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"LAY" 2008 Obituary


LAY  LAYCOCK  LAYMAN  LAYNE  LAYT  LAYTE  LAYWINE 

LAY o@ca.on.york_county.toronto.toronto_star 2008-03-12 published
MacMILLAN, William Gunn
Peacefully at Huntsville District Memorial Hospital on Friday, March 7, 2008. William MacMILLAN of Huntsville formerly of Don Mills, in his 79th year. Beloved husband of Nancy. Dear father of Sandra and her husband Wayne LAY of Huntsville, Ian and his wife Janet of Richmond Hill, Donna and her husband Tom GREENAWAY of Bowmanville. Loving grandfather of Jennifer, Jason, Duncan, Emily, Krissy and Maggie. Predeceased by his brother Jim and sister Margaret. A Celebration of Life will be held at the Best Western Hotel, 86 Howland Drive, Huntsville in the Algonquin Room, on Saturday, March 15, 2008 from 1-3 p.m. Memorial Gifts to the Huntsville Hospital Foundation would be appreciated by the family. www.billingsleyfuneralhome.com

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LAYCOCK o@ca.on.grey_county.owen_sound.the_sun_times 2008-06-04 published
LAYCOCK, Nancy Anne (née GARVEY)
Peacefully surrounded by the love of her family and Friends, at the Grey Bruce Health Services in Owen Sound, on Monday evening, June 2nd, 2008. Nancy Anne LAYCOCK (née GARVEY,) of R.R.#8, Owen Sound, in her 52nd year. Dearly beloved wife of Ross LAYCOCK. Loving mother of Kristy LAYCOCK and her partner, Ryan CULLEN. Loving daughter of Marjorie GARVEY, of Owen Sound and the late Frank (Diz) GARVEY. Dear sister-in-law of Sharon GARVEY, Carl and Gloria LAYCOCK and Bonnie and Ted CATHRAE. Nancy will be sadly missed by her nieces and nephews and her many Friends. Predeceased by her brother, Bryan GARVEY and her in-laws, Lloyd and Mamie LAYCOCK. Nancy was a dedicated employee of GE Security formerly Edwards of Canada for 32 years. Friends may call at the Brian E. Wood Funeral Home, 250 - 14th Street West, Owen Sound, Ontario, N4K-3X8 (519-376-7492) on Thursday from 3: 00-5:00 and 7: 00-9:00 p.m. A Funeral Service for Nancy LAYCOCK will be held in the Funeral Home Chapel on Friday, June 6th, 2008 at 11: 00 a.m. with Rev. Robert LITTLE officiating. Interment in Greenwood Cemetery. If so desired, the family would appreciate donations to the Canadian Cancer Society or the Grey Bruce Health Services for Staff Education as your expression of sympathy.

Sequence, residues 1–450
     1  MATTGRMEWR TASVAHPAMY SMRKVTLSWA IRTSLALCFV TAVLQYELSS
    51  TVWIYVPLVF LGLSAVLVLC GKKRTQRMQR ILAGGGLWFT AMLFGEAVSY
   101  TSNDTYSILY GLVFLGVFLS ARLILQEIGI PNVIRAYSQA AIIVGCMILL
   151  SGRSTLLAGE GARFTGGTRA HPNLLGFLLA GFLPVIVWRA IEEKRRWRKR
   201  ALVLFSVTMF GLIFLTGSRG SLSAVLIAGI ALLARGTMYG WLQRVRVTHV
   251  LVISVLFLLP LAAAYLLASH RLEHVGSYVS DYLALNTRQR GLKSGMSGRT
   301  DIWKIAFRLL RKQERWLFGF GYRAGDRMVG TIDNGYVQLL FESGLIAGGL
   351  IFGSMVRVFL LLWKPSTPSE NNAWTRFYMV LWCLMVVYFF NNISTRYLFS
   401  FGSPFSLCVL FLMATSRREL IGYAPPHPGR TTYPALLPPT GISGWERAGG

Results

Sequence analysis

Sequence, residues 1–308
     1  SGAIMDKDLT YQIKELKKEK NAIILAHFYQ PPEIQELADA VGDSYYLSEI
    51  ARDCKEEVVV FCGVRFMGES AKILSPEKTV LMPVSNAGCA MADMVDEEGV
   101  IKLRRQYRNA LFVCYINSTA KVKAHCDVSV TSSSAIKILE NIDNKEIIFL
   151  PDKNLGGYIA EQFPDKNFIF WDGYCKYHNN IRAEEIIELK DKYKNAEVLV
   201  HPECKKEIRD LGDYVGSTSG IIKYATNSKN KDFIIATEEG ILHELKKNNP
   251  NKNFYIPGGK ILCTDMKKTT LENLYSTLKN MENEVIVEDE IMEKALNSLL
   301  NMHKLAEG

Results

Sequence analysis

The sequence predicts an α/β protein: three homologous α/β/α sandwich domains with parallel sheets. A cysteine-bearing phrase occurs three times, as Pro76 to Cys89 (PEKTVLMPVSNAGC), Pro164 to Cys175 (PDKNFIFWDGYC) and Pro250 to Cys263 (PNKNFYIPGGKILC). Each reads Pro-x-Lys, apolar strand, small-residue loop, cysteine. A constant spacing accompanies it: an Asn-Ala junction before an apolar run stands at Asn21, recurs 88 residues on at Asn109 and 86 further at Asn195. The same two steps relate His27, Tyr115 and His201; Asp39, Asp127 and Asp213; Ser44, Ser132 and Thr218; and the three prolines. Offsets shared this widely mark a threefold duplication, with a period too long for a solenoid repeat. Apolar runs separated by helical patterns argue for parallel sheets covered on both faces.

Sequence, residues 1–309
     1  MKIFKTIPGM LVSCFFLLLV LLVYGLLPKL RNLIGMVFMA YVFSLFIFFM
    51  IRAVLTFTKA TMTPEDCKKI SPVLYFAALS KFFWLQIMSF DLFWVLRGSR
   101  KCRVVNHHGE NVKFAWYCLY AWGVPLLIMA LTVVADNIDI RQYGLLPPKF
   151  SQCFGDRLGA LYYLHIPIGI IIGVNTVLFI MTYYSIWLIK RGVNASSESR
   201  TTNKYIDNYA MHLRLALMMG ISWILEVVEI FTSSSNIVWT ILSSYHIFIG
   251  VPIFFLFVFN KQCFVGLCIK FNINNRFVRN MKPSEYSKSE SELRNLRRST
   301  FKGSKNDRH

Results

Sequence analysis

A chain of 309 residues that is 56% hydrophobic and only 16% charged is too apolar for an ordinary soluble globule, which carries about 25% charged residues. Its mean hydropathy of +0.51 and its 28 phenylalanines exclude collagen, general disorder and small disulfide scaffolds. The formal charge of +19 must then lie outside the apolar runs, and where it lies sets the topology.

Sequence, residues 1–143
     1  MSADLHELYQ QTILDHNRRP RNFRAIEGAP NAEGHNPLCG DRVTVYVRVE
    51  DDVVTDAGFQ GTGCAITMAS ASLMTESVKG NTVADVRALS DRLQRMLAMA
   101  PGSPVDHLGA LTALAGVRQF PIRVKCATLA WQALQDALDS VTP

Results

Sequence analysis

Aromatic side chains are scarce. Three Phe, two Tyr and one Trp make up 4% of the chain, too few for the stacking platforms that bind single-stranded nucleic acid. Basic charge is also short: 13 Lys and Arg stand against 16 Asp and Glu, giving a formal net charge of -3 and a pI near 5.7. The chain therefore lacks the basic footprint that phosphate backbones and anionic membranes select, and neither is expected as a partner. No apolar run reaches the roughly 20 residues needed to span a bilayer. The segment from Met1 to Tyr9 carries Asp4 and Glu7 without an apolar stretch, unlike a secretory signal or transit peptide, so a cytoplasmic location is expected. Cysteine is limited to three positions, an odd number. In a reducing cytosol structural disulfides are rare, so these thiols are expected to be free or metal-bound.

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LAYCOCK o@ca.on.middlesex_county.london.london_free_press 2008-07-06 published
KNEESHAW, Marjorie B. (née CRAIG)
Of Saint Thomas, passed away on Friday, July 4th, 2008, at the Saint Thomas-Elgin General Hospital, in her 91st year. Dearly loved wife of Milton Theron KNEESHAW and loved mother of Ray and his wife Carolyn KNEESHAW. Much loved grandmother of Rob KNEESHAW of London and Dan and his wife Melissa KNEESHAW of Saint Thomas. Loved great-grandmother of Jamie and Arlen KNEESHAW. Marjorie was born in Meaford (St. Vincent) on November 6th, 1917, the daughter of the late Robert Lorne and Clara "Myrtle" LAYCOCK) CRAIG. She was a member of the Church of Christ. Resting at Williams Funeral Home, 45 Elgin Street, Saint Thomas where funeral service will be held Monday at 11: 00 a.m. Private family interment in Meaford Cemetery. Visitation Sunday from 2-4 and 7-9 p.m. Remembrances may be made to the Church of Christ or the charity of choice.

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LAYMAN o@ca.on.middlesex_county.london.london_free_press 2008-05-10 published
LAYMAN, Brian